Within biomedical informatics, there is an emphasis on certain key processes; acquisition, storage, communication, processing, integration, analysis, mining, retrieval, interpretation, and presentation. These processes transform data to information to knowledge to intelligence; these are entities.
Once researchers have entities for evaluation, the next step is to perform descriptive, predictive, and prescriptive tasks or functions. In general data science or informatics, these processes, entities, and functions can be applied to any domains. For biomedical informatics, the application domains are biomedical discovery, healthcare delivery, and disease prevention.
Focusing on innovations in these processes, entities, and functions, faculty, students and researchers at SBMI are performing in-depth research studies within the field of data science in biomedicine and healthcare.
Let’s take a closer look at how this framework works:
- Data is unintepreted, unprocessed, meaningless raw symbols, signals or pixels. For example, “101” could mean several things; the decimal number one hundred and one, the binary number five, the values of three pixels or even a label for a highway. Without context, most data types are meaningless.
- Information is interpreted data or data with meaning. For example, once we know that the metric for 101 is degrees in Fahrenheit, we immediate correlate the number to temperature. Information provides a descriptive function and tells you what happened, at what juncture and for whom.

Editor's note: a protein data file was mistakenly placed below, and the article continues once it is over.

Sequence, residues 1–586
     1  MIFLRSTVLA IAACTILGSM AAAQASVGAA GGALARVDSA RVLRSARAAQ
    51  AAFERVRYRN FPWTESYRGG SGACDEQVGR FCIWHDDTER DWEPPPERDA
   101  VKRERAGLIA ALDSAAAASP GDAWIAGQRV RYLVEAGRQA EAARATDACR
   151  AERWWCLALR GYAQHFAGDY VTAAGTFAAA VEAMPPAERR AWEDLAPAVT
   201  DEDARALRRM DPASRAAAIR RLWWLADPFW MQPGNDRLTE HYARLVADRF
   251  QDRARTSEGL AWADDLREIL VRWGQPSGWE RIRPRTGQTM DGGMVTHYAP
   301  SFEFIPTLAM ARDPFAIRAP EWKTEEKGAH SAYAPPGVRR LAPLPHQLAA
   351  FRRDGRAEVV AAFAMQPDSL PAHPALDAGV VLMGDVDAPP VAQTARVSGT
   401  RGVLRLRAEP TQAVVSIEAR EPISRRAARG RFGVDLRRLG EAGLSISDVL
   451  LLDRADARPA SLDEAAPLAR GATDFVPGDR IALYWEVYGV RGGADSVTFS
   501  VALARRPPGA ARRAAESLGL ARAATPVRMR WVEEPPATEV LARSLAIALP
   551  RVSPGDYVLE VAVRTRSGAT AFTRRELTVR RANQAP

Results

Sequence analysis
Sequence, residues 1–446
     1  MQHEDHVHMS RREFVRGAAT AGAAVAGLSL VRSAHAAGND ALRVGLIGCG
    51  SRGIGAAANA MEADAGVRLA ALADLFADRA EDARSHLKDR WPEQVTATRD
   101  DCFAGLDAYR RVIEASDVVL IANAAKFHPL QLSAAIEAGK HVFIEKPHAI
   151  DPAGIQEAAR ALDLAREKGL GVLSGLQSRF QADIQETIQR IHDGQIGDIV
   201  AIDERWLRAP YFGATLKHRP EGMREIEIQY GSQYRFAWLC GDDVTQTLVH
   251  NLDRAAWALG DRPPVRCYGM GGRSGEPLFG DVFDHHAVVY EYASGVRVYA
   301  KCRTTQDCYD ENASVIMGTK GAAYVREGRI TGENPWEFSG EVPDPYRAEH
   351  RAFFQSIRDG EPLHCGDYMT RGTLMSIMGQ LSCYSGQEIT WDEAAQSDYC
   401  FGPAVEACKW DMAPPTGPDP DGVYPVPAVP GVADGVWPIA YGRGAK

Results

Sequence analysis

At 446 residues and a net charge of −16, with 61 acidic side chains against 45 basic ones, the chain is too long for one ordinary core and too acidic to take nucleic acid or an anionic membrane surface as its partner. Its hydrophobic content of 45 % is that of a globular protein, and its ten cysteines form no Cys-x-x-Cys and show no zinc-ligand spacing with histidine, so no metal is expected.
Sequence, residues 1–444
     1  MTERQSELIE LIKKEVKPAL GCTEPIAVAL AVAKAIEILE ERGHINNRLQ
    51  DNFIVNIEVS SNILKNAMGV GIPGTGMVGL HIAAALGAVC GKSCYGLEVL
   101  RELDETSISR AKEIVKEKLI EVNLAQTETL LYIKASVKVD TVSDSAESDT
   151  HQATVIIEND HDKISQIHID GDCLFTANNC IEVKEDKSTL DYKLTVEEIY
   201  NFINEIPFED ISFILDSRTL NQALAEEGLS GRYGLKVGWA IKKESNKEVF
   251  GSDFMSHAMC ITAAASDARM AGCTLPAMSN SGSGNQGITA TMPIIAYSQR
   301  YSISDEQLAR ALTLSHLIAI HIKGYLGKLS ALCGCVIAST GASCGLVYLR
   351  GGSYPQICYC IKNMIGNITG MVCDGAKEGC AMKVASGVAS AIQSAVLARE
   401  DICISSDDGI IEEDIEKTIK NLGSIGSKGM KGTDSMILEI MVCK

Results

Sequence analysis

- Knowledge is organized information that is justified or validated. Let’s say that we also know that 101 °F is an adult oral temperature. Immediately, we know that this indicates an abnormal body status (fever) and this relation is validated in medical practice and research. Knowledge provides a predictive function and tells you what might happen. An adult oral temperature of 101 °F predicts that the body status is irregular.
- Intelligence is actionable knowledge. An adult with a 101°F temperature should take fever medication, have further assessment and diagnosis performed and may need to see a doctor if it is not a simple cold. Intelligence provides prescriptive function and tells you what needs to be done. 101 °F adult oral temperature prescribes the action of taking fever medicine and further assessment.
Wednesday, February 15th, 2017
It’s like Christmas in February….HIMSS17 has arrived! The annual conference & exhibition is Feb. 19 to 23 in Orlando. This year, the Orange County Convention Center (OCCC) will play host to the conference. Considered one of the largest convention centers in the country, the OCCC is around 7 million square feet. So for HIMSS17, there will literally be lots of ground to cover.
Wednesday, November 23rd, 2016
written by James Langabeer, PHD
Hello SBMI Community-
As part of a UT System-wide initiative, UTHealth has engaged in a comprehensive planning process to explore and improve the health status for the communities that surround us. As a faculty member here at SBMI, I was lucky to have been chosen to lead this initiative. So, a question I get asked all the time is this: what is population health? Although many people think it’s the same as public health, it is not. I define population health this way:
Wednesday, October 12th, 2016
- Several members of the SBMI community are heading to “Charm City”, also known as Baltimore, MD, for the 88th Annual AHIMA Convention & Exhibit from Oct. 15 through 19. The conference is taking place at the Baltimore Convention Center and this year’s theme is “Inspire Big Thinking to Launch Our Future.”